by Heather R. Darsie
The Huguenots were French Protestants, formed as a part of the general Reformation that started in Germany because of Martin Luther and swept through the Continent. It hit France around 1517, where the movement quickly grew in popularity. The movement was particularly popular in French areas where the population was unhappy with the government or areas that were experiencing economic hardship. The name “Huguenot” is of uncertain origin; some believe the Huguenots are named after Besançon Hugues, leader of the movement in Geneva, Switzerland. Another possibility finds its roots in the German word Eidgenossen, meaning confederates bound by oath, which became aignos in France and referred to patriots residing in Geneva who were against the Duke of Savoy during 1520 to 1524. In August 1523 the first martyr, Jean Vallière, was burned at the stake.
A view of Besancon in 1575 by Pierre d’Argent via Wikimedia Commons.
October 1534 saw the Affair of the Placards, where French Protestants had hung posters all around Paris denouncing the Catholic mass; one was even found on the door to Francis I’s bedchamber! Quickly following the Affair of the Placards, many French Huguenot Protestants fled France and went to places like Strasbourg in the Holy Roman Empire, a free city where Martin Boucer established a Reformed church.
Edward VI of England allowed for the first French Protestant church to be established in England. Many of the Protestants came to be followers of Jean Calvin, better known by his anglicized name of John Calvin. He fled to Basel, Switzerland in 1534. He may have written “Institutes of the Christian Religion,” which also included a preface addressed to Francis I about the Reformers in France.
John Calvin, at the invitation of Boucer, visited Strasbourg in 1538 and established a French community there. He later established a Huguenot community in Meaux in 1546. Finally, a Huguenot church was established in Paris in 1555. The first Huguenot synod was called in May 1559. The 72 deputies in attendance from all the provinces in the kingdom drew up a confession of faith that strongly followed Calvin’s ideas, and so they became Reformers and not Lutherans. At the time of this synod in 1559, there were 15 churches following the Reform movement. By 1561, only two years later, there were approximately 2,150 Reformed churches.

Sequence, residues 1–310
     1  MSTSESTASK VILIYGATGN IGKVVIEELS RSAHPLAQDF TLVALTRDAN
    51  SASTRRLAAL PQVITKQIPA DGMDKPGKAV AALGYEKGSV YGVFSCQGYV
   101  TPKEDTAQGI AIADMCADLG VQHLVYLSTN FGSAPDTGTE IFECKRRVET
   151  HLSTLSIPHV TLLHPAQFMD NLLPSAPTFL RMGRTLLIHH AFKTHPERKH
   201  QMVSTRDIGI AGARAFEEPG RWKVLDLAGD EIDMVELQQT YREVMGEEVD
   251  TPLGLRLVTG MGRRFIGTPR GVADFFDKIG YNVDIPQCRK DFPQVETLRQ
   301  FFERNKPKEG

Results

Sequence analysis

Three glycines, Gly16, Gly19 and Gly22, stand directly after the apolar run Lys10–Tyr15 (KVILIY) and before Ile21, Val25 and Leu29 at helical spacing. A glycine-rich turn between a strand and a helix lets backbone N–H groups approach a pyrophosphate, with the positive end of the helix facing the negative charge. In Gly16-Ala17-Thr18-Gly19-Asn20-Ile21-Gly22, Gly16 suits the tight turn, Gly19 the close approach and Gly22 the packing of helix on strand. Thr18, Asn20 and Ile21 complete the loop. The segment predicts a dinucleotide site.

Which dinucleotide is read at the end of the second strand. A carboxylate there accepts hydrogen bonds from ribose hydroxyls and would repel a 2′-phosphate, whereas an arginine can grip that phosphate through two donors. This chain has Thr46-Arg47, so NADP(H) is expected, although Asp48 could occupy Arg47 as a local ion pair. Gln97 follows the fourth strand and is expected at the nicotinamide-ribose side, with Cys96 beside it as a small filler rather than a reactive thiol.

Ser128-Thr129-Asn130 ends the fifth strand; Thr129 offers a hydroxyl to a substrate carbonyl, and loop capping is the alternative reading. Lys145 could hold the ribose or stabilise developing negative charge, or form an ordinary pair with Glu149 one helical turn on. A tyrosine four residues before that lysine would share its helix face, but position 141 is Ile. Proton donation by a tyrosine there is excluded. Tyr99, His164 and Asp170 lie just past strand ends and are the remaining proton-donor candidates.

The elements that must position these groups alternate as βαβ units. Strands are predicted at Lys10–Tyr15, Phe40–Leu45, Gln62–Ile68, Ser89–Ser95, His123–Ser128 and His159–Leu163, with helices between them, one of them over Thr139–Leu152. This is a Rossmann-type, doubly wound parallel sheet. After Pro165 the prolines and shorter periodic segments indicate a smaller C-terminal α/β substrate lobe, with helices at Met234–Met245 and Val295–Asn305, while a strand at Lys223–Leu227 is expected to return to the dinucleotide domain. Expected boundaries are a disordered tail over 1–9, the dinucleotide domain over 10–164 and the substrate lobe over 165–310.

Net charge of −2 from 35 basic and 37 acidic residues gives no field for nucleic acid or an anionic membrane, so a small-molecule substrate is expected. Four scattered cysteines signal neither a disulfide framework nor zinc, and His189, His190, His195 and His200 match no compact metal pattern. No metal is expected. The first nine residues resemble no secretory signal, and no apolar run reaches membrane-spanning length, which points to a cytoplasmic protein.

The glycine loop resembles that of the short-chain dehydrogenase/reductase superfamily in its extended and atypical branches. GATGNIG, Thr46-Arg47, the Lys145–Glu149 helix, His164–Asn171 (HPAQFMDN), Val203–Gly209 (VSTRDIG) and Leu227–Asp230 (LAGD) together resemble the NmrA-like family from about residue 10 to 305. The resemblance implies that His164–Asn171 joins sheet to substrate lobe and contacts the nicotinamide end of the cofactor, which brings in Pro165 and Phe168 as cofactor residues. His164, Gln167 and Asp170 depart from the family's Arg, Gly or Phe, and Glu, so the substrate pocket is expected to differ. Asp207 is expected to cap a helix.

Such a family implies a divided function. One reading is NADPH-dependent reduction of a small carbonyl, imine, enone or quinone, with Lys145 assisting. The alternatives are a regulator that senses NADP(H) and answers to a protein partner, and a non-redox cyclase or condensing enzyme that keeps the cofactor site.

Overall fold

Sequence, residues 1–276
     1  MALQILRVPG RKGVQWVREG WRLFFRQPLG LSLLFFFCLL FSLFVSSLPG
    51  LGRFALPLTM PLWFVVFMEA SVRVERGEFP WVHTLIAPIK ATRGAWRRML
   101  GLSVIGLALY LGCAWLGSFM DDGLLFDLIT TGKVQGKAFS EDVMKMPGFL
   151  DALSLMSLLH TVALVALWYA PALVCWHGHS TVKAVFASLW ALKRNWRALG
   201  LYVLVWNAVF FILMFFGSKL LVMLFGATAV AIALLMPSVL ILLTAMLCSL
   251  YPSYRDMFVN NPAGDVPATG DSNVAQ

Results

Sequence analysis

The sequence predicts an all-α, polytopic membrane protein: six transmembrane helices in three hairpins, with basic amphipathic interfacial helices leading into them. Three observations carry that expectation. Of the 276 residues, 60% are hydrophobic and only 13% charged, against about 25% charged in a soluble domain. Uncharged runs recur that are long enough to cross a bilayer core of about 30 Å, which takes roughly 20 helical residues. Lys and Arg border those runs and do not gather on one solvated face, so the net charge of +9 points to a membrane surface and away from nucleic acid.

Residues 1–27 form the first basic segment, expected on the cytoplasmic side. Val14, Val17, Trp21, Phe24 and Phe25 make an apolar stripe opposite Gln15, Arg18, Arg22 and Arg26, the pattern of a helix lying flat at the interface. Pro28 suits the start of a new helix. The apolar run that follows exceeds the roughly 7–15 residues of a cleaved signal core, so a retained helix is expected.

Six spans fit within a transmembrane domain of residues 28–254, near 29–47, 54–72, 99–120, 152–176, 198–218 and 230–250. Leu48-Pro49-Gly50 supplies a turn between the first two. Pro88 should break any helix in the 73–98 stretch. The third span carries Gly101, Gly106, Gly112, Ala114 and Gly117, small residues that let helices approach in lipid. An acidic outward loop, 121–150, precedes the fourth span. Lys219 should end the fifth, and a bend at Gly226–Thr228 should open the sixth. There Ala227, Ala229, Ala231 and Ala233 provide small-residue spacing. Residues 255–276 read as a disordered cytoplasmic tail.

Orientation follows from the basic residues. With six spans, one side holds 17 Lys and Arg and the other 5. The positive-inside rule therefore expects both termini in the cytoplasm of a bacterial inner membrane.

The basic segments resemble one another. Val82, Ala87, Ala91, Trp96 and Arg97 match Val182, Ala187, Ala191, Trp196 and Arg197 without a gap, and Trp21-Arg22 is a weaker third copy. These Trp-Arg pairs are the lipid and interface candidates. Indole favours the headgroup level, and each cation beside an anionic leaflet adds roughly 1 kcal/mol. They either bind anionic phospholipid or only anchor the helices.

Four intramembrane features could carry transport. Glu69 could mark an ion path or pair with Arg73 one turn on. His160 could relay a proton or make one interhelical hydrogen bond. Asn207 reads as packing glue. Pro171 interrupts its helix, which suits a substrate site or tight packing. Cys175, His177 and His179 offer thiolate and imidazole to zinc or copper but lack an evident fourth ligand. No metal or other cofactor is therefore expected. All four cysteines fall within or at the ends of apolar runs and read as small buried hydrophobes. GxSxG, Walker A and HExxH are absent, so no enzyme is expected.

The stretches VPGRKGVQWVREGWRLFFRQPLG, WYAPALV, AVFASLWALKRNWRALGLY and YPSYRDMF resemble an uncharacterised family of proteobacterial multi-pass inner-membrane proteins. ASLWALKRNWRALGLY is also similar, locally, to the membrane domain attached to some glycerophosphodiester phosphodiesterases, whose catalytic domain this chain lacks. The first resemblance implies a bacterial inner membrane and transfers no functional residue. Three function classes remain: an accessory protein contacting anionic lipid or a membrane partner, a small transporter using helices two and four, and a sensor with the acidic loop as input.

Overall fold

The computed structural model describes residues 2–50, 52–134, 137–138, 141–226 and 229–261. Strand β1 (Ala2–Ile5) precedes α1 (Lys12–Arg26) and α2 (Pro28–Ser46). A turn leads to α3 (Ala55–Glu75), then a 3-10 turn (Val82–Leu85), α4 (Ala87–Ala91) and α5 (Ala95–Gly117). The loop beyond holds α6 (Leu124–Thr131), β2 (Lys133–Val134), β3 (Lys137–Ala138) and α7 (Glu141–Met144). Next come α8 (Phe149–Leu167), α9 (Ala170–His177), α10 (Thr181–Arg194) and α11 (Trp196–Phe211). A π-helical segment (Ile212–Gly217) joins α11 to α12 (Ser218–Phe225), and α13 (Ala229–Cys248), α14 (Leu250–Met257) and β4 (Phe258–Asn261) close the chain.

In March 1560, a conspiracy was launched against the young King Francis II of France, first husband of Mary, Queen of Scots. The plan was to kidnap the Catholic Francis II, but the plot was foiled and all the participating conspirators died except Louis I de Bourbon, Prince de Condé. At this point, the Reformers were led by the famous Gaspard de Coligny, who attended peace talks at Fontainebleau in August 1560. They failed. A band of Huguenots who had assembled in a barn in Vassy to worship were murdered by Catholic soldiers of the Guise family.
12 April 1562, the Huguenot leaders that were meeting in Orléans signed a manifesto, effectively declaring war for the sake of liberty of conscience and for the persecuted saints. So began the French Wars of Religion. The French Wars of Religion, a series of eight civil wars spanning 1562 to 1598 were waged by the Catholic Valois against the Huguenots. One of the more horrendous events took place on or about St. Bartholomew’s Day in August 1572. Many of the Huguenot leaders, including Coligny, were killed. They had assembled in Paris to celebrate the marriage of Henri of Navarre and Margaret of Valois, the French Catholic king’s sister. The violence lasted three days. This massacre crept throughout France, resulting in the often violent deaths of thousands of French Protestants. The Wars continued on through the reign of Henri III and saw the formation of the Catholic Holy League, which was against the Huguenots. Henri III was assassinated in 1589 and Henri of Navarre became Henri IV.
After the last Valois king died and Henri de Bourbon, King of Navarre and himself a Huguenot Protestant, became king, the Wars of Religion ceased and the Huguenots were given several privileges. Henri even went so far as to accept Catholicism in 1593, effectively pulling the rug out from under the Holy League and taking away the League’s reasons for resisting Henri IV.
In April 1598, Henri IV promulgated the Edict of Nantes. Henri IV converted from Huguenot Calvinism to Roman Catholicism at the same time as the Edict of Nantes was issued. This was the first widely-known document of religious tolerance in Europe. The Huguenots were granted full civil rights and access to education, and were allowed to establish churches anywhere in France, except Paris. A special court, the Chambre de l’Édit, was established so that grievances between Catholics and Huguenots in response to the Edict could be aired and resolved. It also allowed for Huguenots garrisons to be maintained at the expense of Henri IV for eight years. After dangerous wars and a multitude of deaths, the Huguenots were allowed to finish out the 1500s in relative peace.
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Sources and Suggested Reading
- The Huguenot Society of Great Britain and Ireland. Huguenot History. http://www.huguenotsociety.org.uk/history.html Retrieved 22 March 2016.
- Encyclopædia Britannica Online, s. v. Huguenot. http://www.britannica.com/topic/Huguenot Retrieved 25 March 2016.
- Encyclopædia Britannica Online, s. v. Edict of Nantes. http://www.britannica.com/event/Edict-of-Nantes Retrieved 27 March 2016.
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